Astros-Nats suspended by rain in 11th

Astros-Nats suspended in 11th

WASHINGTON -- The game between the Astros and Nationals was suspended after a 76-minute rain delay in the bottom of the 11th inning Tuesday, tied at 10. That's rather unusual in itself, but it was an apropos ending to a very weird afternoon at Nationals Park.

Ah, where to begin? Let's start with the end, as the rain that came on late in the afternoon will force the two teams to resume the contest from the point where it was stopped -- with Josh Willingham at the plate for the Nationals with a runner on first and one out in the 11th -- when they meet again at Minute Maid Park in Houston on July 9. The reason? This was the Astros' lone trip to Washington this season.

The Nationals will be the home team then for the completion of the suspended game, even though the game is in Houston. The 10-plus innings took three hours, 53 minutes to play, followed by the long rain delay, and then no winner.

"For this year, it's par for the course," said Astros starting pitcher Roy Oswalt.

There were six lead changes. In addition, the teams combined for 20 runs on 24 hits and three errors. But those runs didn't all come in traditional ways.

Houston tied the game at 8 in the seventh when Nationals shortstop Cristian Guzman dropped a throw from second. The Astros took a 9-8 lead in the eighth when Darin Erstad scored on a wild pitch.

But that lead was gone moments later when Guzman hit a two-run homer -- his first of the season. Houston rallied to tie in the ninth when Hunter Pence doubled to lead off and scored on an Ivan Rodriguez sacrifice fly.

"They did everything they could to keep the game tied, and we did everything we could to let them tie it," said Astros reliever LaTroy Hawkins, who was on the mound when the game was stopped.

Houston was hurt again by bullpen problems. Oswalt had to come out after five-plus innings after getting a stinger and a bone bruise on his right index finger while batting in the fifth.

He turned over a 5-2 lead to the bullpen, which had thrown 18 2/3 innings in the past four games and wound up going 5 1/3 more. It had problems in Monday's 9-4 loss to Washington, giving up seven runs in three innings to waste an early four-run lead.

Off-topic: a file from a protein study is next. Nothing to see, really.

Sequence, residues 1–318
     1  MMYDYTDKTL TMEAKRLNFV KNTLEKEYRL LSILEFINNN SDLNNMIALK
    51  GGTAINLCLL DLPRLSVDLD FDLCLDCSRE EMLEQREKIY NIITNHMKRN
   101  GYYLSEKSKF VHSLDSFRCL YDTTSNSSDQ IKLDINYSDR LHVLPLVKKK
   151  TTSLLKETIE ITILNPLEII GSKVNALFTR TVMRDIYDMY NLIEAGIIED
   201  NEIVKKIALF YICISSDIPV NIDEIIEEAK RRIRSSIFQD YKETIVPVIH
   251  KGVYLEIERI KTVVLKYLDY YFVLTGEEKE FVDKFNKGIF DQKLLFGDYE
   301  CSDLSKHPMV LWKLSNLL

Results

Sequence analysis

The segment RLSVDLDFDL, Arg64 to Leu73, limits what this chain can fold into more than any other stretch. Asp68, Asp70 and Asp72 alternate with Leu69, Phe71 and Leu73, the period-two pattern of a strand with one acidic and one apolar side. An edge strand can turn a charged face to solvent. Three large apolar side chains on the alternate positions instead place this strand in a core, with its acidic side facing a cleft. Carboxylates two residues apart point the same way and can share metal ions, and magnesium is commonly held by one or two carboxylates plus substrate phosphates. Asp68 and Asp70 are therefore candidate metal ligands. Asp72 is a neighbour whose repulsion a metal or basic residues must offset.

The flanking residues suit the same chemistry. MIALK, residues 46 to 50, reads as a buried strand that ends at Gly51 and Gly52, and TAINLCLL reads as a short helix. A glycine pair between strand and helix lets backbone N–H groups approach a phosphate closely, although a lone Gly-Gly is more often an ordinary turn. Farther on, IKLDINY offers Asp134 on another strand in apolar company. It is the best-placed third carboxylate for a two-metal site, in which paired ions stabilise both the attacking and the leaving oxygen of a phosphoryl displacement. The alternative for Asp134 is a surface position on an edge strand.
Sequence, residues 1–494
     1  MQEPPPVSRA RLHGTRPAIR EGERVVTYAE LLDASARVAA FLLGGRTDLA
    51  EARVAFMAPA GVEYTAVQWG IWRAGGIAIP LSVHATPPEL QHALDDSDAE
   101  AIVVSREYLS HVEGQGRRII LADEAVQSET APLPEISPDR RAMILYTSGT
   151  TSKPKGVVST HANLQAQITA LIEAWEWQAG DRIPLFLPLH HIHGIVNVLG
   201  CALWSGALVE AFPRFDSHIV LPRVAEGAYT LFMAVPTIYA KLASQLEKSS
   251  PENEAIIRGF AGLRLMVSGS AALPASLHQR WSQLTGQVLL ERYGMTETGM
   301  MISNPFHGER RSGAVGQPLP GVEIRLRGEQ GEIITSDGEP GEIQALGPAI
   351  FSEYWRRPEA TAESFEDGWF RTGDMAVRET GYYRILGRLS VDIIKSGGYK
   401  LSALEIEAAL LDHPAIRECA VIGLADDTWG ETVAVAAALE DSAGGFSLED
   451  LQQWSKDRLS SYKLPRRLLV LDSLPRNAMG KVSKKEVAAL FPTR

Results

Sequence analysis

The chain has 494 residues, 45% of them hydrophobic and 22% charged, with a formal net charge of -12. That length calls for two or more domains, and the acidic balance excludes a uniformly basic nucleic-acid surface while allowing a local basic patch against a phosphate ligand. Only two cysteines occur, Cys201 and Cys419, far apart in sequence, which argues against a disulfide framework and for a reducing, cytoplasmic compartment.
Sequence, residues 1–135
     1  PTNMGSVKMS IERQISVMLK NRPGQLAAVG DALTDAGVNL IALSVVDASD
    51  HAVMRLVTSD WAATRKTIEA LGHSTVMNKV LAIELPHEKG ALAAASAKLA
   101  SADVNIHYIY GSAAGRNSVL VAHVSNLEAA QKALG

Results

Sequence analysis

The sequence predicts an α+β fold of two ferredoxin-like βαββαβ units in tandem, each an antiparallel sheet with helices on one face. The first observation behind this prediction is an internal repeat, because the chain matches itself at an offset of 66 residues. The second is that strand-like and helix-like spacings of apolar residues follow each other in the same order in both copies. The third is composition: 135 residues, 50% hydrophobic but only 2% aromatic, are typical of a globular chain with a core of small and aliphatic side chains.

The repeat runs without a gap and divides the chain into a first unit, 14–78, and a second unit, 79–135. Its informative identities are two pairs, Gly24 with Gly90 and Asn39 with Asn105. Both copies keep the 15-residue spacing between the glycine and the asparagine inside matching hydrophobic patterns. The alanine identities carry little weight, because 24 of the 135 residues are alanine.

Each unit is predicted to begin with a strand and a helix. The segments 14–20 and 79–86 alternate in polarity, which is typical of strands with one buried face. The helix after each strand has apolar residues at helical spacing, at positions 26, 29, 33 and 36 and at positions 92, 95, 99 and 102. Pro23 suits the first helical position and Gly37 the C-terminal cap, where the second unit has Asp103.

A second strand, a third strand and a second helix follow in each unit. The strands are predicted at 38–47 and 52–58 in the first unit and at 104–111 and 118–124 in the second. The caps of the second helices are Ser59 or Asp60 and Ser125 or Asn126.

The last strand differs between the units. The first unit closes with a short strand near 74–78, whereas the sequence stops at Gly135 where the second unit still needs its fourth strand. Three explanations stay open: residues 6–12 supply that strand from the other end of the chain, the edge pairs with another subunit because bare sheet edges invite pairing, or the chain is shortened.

Same story, different day. The relief corps again was less than perfect. Chris Sampson, Tim Byrdak and Geoff Geary combined to let in the two runners Oswalt left on base and then gave up six more runs on six hits, walked six and hit a batter. Byrdak threw 1 1/3 scoreless innings but forced in a run by hitting a batter. Hawkins had just come on to start the 11th when the umpires halted play.

"They're behind in the count," said Rodriguez. "They get behind in the count and sometimes a pitcher tries to throw a strike. Well, that's not an easy thing to do. You try to make a good pitch and sometimes they just go out of the strike zone. We've been pounding the zone until we got here."

After Oswalt left in the sixth inning, Sampson ran into real control problems. He walked four in two-thirds of an inning, eventually allowing four runs on just one hit. Sampson walked three Nationals with the bases loaded. He had walked only three in his first 12 appearances this season.

Byrdak came on and got Guzman to hit a grounder to shortstop Miguel Tejada, which looked like it would end the inning. But the normally sure-handed Tejada misplayed it for an error, loading the bases once more. Byrdak then hit Nick Johnson to force home another run.

Bottom line for the bottom of the sixth -- Washington tallied six runs on two hits, with five of the runs scoring without the need of a hit.

"Very strange. One day, we throw strikes and we do great," said Houston manager Cecil Cooper. "The next day, we can't figure it out. Two days in a row, the same thing."

The offense had a chance to bail out the pitching. Tejada went 3-for-6 with three RBIs. Rodriguez, Pence, Michael Bourn and Jeff Keppinger each had two hits, as the Astros constantly manufactured scoring chances.

Houston went 5-for-17 with runners in scoring position but still left 10 on base. The Astros got three hits in the 11th but couldn't score as the rain began getting harder.

It was just one of those days.

Jeff Seidel is a contributor to This story was not subject to the approval of Major League Baseball or its clubs.